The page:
A report published earlier this year in Journal of Opioid Management concludes that handwritten prescriptions for opioids are significantly more error-prone than are electronically created orders for the medications. Researchers conducted a small study of opioid prescriptions filled at the outpatient pharmacy of Johns Hopkins Medicine and found that 92% of handwritten orders contained absences in patient information, failed to meet DEA prescribing guidelines, and/or did not fulfill ideal practice standards. Lead author Mark Bicket, MD, commented, “There are the normal legibility issues you would suspect with a handwritten prescription, but we also commonly found things like missing patient identification information and errors in abbreviations.”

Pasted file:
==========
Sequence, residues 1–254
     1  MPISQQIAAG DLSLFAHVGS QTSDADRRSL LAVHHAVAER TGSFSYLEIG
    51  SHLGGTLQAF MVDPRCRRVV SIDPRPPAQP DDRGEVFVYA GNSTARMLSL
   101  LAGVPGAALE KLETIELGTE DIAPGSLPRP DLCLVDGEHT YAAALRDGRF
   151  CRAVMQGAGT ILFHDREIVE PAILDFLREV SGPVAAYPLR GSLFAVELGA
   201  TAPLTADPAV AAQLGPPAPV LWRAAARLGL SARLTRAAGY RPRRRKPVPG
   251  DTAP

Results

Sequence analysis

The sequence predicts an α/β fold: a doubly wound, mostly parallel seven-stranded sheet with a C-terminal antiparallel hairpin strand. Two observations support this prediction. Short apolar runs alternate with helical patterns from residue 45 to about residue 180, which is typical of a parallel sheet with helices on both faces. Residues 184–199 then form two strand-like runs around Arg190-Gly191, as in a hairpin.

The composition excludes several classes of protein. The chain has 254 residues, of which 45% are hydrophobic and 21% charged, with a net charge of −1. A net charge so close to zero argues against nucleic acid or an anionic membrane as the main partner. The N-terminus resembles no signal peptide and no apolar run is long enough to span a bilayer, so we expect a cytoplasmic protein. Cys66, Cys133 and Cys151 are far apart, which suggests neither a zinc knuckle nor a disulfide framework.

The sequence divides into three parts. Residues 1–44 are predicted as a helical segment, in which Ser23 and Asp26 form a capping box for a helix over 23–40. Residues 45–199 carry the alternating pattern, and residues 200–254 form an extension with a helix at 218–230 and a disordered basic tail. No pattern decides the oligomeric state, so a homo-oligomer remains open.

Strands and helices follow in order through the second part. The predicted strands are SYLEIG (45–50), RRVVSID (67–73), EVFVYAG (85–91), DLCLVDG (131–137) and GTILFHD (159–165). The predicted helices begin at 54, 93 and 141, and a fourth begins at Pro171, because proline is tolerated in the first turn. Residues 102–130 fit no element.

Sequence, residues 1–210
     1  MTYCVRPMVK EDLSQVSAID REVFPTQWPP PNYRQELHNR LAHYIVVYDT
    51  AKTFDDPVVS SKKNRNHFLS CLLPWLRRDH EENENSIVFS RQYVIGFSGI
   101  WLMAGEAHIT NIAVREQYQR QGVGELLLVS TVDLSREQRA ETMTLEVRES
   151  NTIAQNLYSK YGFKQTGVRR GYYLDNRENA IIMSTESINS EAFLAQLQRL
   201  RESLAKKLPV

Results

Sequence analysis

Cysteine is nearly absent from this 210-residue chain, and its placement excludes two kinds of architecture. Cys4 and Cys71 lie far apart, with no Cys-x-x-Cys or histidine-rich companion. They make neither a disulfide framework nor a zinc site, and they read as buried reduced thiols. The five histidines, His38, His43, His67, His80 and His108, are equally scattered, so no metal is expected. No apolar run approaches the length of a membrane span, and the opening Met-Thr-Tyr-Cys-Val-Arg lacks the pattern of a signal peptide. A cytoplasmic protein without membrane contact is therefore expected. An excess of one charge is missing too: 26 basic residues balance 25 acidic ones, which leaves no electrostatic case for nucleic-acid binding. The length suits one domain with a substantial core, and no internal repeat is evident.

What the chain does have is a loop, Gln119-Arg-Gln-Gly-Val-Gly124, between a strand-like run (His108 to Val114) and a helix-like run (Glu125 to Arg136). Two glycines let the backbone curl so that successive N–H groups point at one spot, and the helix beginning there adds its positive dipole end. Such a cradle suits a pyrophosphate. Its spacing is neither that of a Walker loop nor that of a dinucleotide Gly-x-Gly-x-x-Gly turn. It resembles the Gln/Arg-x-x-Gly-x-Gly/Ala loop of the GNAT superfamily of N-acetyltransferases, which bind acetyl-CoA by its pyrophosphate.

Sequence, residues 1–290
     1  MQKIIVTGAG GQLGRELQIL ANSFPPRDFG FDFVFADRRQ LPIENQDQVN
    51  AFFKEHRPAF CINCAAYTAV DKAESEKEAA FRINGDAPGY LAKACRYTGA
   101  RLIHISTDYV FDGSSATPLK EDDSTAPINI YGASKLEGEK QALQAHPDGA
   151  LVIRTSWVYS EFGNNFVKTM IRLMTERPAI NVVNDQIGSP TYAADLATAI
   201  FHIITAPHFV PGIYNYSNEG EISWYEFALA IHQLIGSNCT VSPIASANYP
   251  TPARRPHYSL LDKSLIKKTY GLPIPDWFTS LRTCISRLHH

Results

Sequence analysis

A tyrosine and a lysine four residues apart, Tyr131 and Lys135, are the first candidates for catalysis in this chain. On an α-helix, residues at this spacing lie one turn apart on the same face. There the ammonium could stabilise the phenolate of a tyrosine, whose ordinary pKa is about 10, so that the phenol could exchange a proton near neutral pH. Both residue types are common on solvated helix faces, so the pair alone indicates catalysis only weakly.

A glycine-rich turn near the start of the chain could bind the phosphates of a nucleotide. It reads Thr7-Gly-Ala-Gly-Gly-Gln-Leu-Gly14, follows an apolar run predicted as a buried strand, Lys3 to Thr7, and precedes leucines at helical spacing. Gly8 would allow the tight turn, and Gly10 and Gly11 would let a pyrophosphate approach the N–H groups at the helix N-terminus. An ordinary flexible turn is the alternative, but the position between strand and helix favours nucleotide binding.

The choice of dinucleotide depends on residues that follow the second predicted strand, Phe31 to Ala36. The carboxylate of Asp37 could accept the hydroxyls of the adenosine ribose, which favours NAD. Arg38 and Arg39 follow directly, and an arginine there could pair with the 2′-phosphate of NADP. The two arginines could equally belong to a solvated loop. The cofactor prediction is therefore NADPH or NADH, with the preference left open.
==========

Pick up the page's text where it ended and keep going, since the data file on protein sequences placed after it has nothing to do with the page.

The study reviewed 510 prescriptions for opioid medications that were issued and processed at the Johns Hopkins Hospital outpatient pharmacy in June, 2016. 53% of these were electronically generated, and none of these were found to deviate from “best practice” guidelines, or to contain omissions in patient identifying information. The authors note that since the electronic prescribing system uses a template that automatically aligns with best practice procedures, the propensity for errors that must then be caught during processing and fulfillment is greatly reduced. Dr Bicket summarized: “What we hope our results do is get more practitioners to adopt electronic prescribing systems because we have a duty to practice in a way that has the lowest chance of harm to our patients.”
Read more about the conclusions here.
The journal abstract may be read here.
Posted on July 7, 2017